Among many other things, the Mnemosyne Atlas came to serve as an important inspiration for Laetitia Gendre in the show The Fake, the Fold and the Erased that is currently on view at Thomas Fischer Gallery in Berlin, in which she chooses to focus not only on the images but also on the repository. The work The Erased (2014) consists of an archival box and a video slide show. In the archival box, on the left hand side, is placed a photo that represents Warburg's library in Hamburg, while on the right hand side there is a pile of 66 graphite drawings made after the plates of the Atlas. Gendre's attention for the outlines of the images in the Atlas becomes a composition of the shapes that is projected in the adjacent video, making the emptiness where the images would normally be even more obvious. Warburg himself would ceaselessly revise and review the shape of the images in the Atlas, proofs of which can be found in many of his notebooks filled with compositions. In this gesture Gendre might be alluding to the Atlas' 'being in-between times,' a space that has been subject to several studies. Warburg himself coined the Atlas as 'an iconology of the interval' (1) while Giorgio Agamben stated that between these images is residing ‘the dark demon of an unnamed science whose contours we are only today beginning to glimpse’ (2). A similar ghostly play is undoubtedly present in the video Wind on a Reel (2013), projected on the full size of the wall upon entering the exhibition. The black and white grainy image shows two large rolls of white paper that are peacefully rolling next to each other on a larger machinery, accompanied by classical music which was improvised by a piano player who specializes in music for silent movies. As the tension that was built up by the piano tones' upward and downward movement finally reached a catharsis when the paper got stuck, an anti-climax brought me right back to reality, to a realization that the video is in fact a piece of footage from a paper factory's surveillance camera.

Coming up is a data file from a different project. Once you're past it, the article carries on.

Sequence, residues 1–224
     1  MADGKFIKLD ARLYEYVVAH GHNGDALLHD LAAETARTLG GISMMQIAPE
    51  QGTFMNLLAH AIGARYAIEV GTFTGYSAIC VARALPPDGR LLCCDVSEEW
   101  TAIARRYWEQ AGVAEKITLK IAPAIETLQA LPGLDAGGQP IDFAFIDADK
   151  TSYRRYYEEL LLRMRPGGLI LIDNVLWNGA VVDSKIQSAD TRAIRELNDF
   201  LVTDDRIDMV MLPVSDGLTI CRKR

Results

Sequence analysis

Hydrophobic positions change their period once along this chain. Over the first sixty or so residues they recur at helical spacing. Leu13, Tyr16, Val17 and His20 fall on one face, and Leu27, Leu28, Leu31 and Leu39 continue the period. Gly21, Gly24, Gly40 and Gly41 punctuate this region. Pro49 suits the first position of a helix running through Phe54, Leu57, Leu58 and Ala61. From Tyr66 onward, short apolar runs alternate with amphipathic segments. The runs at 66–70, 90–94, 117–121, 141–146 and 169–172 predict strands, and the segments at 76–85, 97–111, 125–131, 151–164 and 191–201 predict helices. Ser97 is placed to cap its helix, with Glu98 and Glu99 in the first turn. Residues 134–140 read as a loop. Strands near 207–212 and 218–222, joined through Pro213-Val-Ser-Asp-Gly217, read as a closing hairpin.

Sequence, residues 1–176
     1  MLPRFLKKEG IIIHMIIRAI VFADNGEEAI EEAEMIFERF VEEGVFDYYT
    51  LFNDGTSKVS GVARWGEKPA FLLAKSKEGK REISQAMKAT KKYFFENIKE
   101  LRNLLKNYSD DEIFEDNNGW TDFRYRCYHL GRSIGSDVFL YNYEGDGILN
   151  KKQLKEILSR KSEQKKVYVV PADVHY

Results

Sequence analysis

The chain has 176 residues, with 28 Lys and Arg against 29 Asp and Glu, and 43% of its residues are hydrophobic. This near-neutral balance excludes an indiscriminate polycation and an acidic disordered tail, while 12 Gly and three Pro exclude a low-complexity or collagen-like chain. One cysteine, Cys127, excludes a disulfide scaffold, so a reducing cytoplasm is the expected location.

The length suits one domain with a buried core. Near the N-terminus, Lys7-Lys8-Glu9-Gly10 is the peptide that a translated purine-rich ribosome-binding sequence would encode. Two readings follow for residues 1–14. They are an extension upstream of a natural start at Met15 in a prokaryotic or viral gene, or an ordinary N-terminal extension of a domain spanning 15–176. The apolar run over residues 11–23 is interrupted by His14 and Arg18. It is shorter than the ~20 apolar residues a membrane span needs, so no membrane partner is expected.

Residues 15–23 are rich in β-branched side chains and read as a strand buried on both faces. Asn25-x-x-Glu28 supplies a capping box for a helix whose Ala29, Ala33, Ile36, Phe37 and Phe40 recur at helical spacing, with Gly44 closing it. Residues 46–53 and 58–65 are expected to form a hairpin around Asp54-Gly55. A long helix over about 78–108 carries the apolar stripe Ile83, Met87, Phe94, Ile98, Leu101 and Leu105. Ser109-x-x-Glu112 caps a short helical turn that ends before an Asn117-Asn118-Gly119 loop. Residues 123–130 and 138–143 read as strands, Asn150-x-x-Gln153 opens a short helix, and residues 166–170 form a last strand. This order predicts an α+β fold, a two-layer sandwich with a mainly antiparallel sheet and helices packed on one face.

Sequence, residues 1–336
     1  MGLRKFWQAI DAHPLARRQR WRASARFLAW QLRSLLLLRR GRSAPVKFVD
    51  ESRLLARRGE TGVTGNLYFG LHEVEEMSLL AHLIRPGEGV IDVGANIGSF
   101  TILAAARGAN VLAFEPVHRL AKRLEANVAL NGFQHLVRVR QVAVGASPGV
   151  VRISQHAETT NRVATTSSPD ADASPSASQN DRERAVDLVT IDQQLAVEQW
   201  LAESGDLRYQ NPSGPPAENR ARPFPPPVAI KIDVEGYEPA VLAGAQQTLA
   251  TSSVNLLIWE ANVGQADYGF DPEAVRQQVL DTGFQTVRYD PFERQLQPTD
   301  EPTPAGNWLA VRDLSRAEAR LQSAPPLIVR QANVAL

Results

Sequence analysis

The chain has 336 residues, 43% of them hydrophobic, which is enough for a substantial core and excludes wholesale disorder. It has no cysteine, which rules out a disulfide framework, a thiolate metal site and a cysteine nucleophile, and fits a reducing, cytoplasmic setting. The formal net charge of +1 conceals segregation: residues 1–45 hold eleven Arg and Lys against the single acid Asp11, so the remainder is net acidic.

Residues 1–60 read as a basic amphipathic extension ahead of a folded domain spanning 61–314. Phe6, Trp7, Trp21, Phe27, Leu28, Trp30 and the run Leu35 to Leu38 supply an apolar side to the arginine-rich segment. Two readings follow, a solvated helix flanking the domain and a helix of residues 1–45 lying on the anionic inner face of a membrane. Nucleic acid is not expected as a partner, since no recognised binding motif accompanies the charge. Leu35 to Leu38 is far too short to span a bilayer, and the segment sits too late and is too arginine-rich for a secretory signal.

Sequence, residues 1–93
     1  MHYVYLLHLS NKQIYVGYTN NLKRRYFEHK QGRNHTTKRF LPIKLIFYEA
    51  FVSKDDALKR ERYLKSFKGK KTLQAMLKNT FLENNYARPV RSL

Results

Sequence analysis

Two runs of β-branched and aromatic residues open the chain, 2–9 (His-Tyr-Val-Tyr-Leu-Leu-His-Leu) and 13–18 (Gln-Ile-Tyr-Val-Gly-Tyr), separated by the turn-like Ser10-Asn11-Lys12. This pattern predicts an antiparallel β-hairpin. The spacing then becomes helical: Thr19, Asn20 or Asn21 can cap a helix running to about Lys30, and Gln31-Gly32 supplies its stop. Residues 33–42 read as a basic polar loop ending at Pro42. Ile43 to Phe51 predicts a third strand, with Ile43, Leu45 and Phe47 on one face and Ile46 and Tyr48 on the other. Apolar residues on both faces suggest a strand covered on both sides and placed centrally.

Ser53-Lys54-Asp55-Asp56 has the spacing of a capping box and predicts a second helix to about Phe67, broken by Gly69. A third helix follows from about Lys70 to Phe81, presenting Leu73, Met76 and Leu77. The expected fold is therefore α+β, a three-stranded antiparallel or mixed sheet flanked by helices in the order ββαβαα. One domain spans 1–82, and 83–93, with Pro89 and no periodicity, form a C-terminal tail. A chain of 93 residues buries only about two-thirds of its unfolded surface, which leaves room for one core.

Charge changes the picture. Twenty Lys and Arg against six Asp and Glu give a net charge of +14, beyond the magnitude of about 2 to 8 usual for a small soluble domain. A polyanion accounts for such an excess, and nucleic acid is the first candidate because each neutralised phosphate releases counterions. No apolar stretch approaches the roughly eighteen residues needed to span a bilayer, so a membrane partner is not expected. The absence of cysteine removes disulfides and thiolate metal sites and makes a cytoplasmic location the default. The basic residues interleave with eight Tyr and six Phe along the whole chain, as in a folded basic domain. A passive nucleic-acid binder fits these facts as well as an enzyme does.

Gendre's medium is drawing, but it is a medium that she approaches with a painterly eye, informed by an early career as a painter. It's not hard to imagine Gendre as a painter, a painter who concentrates on materiality and the canvas, a sensitivity that can be found in the large 3D paper sculptures that she has made in the past years. A remnant of this approach can be found in the work Time Out (2014), a trompe l'oeil 3D wall which upon closer inspection is built from graphite on paper, held together with thin wooden beams. The one-meter-tall brick wall that creates the atmosphere of a film set is an echo of a brick wall that appeared in a black and white photograph one room earlier in the show. Both walls are missing one brick in the middle of the upper row of bricks. During my visit to the show, Gendre explained that she got fascinated by the small wall because it was made solely for the purpose of an inauguration ceremony, the festive laying of the first brick of a new building. As the construction of the building had been postponed, the wall ended up on a deserted piece of land overgrown with plants, a receptacle waiting for its moment to be significant.